Polystyrene Compaction – A worthwhile task
In the UK, Polystyrene is one of the most common forms of plastic around, being frequently used in packaging, insulation and even in obscure ways like bean bag and children’s toy stuffing. The construction and logistics industries are by far the biggest users of Polystyrene, but often it is small businesses who eventually have to dispose of it, with landfill seemingly the only option.
Polystyrene doesn’t need to be disposed of though; with Polystyrene baling equipment, Polystyrene can be broken up, squashed and reformed into briquettes that can be sold on and re-purposed. Polystyrene compaction information is not well taught though, with most local waste authorities advising polystyrene is disposed of with general waste!
The reasoning behind Polystyrene being disposed of with general waste is that often it has been contaminated by food or drink, making it harder to recycle. Despite being so light, it’s bulky and awkward to collect and transport. Putting Polystyrene out for recycling is also a big risk, with its light properties making it highly likely to blow away. For businesses it is simpler, after polystyrene compaction occurs via a machine, it should be dry stored ready for a collection. We will pay for this material.
Virgin Polystrene, and not recycled Polystyrene, is often used for food and drinks purposes because of concerns about hygiene. Polystyrene compaction into briquette form makes it more viable for the construction industry, who can use the recycled Polystrene’s impressive insulation attributes in housing. For the purposes of bouyancy, like life jackets and small rafts, recycled Polystyrene is ideal.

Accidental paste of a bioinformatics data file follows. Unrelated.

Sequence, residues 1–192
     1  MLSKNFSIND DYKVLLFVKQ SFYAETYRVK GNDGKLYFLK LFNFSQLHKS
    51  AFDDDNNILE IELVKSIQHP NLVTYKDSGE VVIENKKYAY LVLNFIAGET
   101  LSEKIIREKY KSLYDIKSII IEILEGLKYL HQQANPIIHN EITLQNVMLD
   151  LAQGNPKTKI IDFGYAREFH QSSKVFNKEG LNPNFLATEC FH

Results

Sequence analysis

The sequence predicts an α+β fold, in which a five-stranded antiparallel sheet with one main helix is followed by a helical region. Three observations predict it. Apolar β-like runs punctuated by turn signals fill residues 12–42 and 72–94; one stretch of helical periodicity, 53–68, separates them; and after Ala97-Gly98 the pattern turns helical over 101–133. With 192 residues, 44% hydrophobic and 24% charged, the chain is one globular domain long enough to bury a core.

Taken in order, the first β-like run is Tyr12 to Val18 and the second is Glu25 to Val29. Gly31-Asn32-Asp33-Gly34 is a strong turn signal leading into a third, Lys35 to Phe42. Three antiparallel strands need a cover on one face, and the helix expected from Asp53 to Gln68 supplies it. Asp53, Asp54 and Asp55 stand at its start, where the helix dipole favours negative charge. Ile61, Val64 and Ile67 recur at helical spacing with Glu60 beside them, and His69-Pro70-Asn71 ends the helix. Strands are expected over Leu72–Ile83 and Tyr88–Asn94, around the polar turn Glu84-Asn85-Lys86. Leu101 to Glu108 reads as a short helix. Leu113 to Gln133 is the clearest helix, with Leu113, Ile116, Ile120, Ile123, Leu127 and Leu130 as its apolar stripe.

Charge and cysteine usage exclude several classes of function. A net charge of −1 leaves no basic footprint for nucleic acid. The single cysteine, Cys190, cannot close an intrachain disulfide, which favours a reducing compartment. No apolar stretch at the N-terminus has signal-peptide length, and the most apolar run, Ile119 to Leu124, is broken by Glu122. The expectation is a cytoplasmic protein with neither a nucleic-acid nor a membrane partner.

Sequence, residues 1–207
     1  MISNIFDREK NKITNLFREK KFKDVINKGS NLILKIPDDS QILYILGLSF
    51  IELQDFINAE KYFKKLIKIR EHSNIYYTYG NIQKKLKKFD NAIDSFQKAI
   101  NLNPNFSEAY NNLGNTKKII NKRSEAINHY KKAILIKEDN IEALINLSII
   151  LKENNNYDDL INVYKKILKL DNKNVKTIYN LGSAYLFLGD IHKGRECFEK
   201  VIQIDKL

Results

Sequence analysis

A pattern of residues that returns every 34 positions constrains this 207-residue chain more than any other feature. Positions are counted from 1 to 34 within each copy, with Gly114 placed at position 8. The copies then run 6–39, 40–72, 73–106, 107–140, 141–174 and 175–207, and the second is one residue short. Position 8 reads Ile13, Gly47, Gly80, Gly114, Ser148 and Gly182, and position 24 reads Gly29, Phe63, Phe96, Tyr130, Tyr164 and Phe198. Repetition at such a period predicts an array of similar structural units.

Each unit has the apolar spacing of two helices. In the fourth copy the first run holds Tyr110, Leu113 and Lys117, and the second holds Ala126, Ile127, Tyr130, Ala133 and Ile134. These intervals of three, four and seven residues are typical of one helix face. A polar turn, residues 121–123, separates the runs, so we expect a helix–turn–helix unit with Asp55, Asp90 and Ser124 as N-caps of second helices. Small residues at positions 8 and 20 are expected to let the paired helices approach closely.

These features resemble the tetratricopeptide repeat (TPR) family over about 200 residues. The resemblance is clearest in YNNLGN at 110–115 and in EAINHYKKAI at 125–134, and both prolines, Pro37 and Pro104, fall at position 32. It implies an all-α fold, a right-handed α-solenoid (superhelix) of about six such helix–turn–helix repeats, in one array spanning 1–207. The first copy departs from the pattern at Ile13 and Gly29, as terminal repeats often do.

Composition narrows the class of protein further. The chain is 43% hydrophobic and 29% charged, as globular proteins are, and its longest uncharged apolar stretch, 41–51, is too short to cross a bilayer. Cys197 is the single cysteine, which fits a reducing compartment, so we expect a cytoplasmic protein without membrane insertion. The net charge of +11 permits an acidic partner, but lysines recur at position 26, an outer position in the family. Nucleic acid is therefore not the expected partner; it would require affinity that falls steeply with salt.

For the logistics industry, recycled Polystyrene in both moulded and loose form can be beneficial for deliveries; when moulded, it can protect delicate items closely, but when loose it can be used to fill the air pockets that may cause an item to move around. Recycling Polystyrene allows these industries to re-use the material after its first life span, helping it become something purposeful and reducing the need for virgin plastic.
For an example of a UK business finding great success with a Polystyrene Compaction Baler, have a look at this case study.